Sam Molinaro did the Wall Street equivalent of shouting “fire” in a crowded theatre on Friday. The CFO of Bear Stearns—you know, the firm that’s become the face of the subprime crisis with two of its hedge funds closing and a third denying redemptions to investors—told an analyst that “I’ve been here for 22 years, and this is as bad as I’ve seen it in the fixed-income markets.”
It’s not so much what he said as when he said it. Molinaro was on a Friday afternoon conference call. That left the market two solid hours to process his news and then freak out. Jim Cramer nearly had a stroke on CNBC shouting at Ben Bernanke to open the discount window and cut rates. It was good theatre.
The Dow closed down 280 points and two percent for the day. It’s been down for three weeks in a row. And the S&P 500 has erased all but one percent of its gain for the calendar year, falling 2.6% on the day. The tech-heavy Nasdaq fell too, by 2.5%. Speaking about the credit fear, trader Jim Herrick told the Washington Post, “No one really knows how pervasive this is . . . and the uncertainty is what’s killing the market.”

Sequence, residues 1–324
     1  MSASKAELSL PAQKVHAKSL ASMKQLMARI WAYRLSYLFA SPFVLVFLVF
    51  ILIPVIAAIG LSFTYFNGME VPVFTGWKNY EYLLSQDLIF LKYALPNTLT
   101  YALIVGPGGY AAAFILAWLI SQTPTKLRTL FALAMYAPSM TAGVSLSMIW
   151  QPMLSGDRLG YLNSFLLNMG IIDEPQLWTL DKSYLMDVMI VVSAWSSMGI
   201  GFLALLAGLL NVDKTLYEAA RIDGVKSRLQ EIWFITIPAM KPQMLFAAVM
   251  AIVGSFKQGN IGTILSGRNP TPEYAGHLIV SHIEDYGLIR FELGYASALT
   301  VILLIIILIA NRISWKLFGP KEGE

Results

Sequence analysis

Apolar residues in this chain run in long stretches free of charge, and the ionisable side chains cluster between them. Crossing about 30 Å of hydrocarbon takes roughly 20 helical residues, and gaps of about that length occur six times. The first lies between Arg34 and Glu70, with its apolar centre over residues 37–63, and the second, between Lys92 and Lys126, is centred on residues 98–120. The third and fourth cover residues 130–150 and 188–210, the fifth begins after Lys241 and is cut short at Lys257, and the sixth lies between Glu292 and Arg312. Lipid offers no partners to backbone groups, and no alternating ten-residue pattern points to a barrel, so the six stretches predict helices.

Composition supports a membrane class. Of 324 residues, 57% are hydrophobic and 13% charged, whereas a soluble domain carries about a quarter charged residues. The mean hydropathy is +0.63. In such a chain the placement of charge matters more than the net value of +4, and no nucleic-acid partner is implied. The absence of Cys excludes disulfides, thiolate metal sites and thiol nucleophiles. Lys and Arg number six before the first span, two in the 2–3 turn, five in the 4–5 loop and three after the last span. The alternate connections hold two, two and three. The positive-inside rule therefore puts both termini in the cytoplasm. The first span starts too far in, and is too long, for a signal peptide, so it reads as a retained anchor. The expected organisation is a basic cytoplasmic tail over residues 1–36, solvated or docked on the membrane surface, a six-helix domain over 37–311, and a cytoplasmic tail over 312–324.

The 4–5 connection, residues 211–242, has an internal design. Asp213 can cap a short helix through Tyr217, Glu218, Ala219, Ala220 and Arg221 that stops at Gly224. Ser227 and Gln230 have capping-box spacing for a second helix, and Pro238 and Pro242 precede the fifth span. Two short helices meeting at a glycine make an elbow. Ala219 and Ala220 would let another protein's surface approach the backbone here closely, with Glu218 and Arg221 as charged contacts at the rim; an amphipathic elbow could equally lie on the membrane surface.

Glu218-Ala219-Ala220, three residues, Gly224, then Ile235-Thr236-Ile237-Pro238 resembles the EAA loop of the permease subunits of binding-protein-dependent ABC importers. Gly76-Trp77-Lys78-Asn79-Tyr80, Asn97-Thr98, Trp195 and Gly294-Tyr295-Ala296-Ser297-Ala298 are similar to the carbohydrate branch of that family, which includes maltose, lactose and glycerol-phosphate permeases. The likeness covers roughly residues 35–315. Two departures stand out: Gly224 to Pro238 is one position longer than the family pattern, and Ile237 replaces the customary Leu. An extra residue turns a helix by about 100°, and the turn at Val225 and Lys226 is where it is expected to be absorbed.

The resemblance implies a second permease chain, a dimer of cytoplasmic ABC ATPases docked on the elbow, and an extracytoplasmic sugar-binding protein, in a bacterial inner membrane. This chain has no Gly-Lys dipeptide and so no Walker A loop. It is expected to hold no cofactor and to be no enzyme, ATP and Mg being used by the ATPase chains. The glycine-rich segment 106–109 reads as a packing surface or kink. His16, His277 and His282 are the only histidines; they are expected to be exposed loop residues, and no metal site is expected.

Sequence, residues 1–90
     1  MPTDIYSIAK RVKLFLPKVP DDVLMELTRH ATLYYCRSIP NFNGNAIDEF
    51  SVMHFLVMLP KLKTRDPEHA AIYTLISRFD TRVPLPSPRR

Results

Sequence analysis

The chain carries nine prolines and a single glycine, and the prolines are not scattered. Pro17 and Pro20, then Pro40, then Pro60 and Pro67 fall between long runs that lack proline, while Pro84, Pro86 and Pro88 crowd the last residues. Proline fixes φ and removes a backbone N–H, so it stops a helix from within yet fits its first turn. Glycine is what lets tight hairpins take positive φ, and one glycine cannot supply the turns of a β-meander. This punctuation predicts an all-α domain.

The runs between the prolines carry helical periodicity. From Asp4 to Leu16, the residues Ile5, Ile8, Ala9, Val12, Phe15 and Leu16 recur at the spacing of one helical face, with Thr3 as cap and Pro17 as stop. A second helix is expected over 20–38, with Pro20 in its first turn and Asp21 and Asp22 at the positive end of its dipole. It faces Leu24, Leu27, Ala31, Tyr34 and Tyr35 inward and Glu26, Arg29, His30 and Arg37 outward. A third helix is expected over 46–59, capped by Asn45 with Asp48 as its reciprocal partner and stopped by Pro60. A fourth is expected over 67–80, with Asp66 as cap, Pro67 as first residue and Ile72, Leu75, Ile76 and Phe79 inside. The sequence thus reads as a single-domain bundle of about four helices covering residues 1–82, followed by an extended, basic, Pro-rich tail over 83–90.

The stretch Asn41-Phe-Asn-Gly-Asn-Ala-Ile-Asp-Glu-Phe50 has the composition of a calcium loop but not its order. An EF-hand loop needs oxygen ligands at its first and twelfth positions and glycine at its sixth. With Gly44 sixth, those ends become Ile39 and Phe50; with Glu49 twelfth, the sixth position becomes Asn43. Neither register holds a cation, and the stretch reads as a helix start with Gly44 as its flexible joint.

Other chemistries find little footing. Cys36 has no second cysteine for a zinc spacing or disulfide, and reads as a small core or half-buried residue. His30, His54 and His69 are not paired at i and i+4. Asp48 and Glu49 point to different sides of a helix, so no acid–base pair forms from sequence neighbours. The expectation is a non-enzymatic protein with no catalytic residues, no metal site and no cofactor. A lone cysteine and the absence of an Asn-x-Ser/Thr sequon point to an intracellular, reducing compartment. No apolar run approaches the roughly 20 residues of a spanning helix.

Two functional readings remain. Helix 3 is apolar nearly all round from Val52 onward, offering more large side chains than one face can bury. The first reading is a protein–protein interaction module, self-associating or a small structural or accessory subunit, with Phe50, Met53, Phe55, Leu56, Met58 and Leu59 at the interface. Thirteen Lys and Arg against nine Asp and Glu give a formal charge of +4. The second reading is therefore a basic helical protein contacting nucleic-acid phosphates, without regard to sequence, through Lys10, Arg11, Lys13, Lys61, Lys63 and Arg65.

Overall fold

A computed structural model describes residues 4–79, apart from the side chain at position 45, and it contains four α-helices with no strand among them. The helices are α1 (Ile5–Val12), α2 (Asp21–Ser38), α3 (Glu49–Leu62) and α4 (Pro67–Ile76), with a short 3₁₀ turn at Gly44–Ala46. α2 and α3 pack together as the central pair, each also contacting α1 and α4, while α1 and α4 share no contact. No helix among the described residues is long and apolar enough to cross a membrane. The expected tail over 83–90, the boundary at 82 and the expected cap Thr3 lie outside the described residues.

The Aussie market is set to open lower this week. And it’s not just a sympathetic slide. There is real damage being done to real economy here too. This weekend’s Financial Review reported that 35 local councils here in Australia are the proud owners of a collateralised debt obligation called Federation, put together by US-owned Lehman Brothers and sold in Australia by Grange Securities. The CDO apparently offered what everyone’s coveted in the last three years, a risk free yield of over seven percent.
The yield was delivered courtesy of subprime mortgages in the States that were bundled together in the CDO. While clever and appealing during a housing boom, it’s certainly not risk free, as banks, brokerages, and investors all over the world are now finding out. But just how bad is this mess, and how much worse could it get? No one really knows. This is the first real stress test for integrated global financial markets. The liquidity that drove the market’s highs is disappearing.
Markets and Money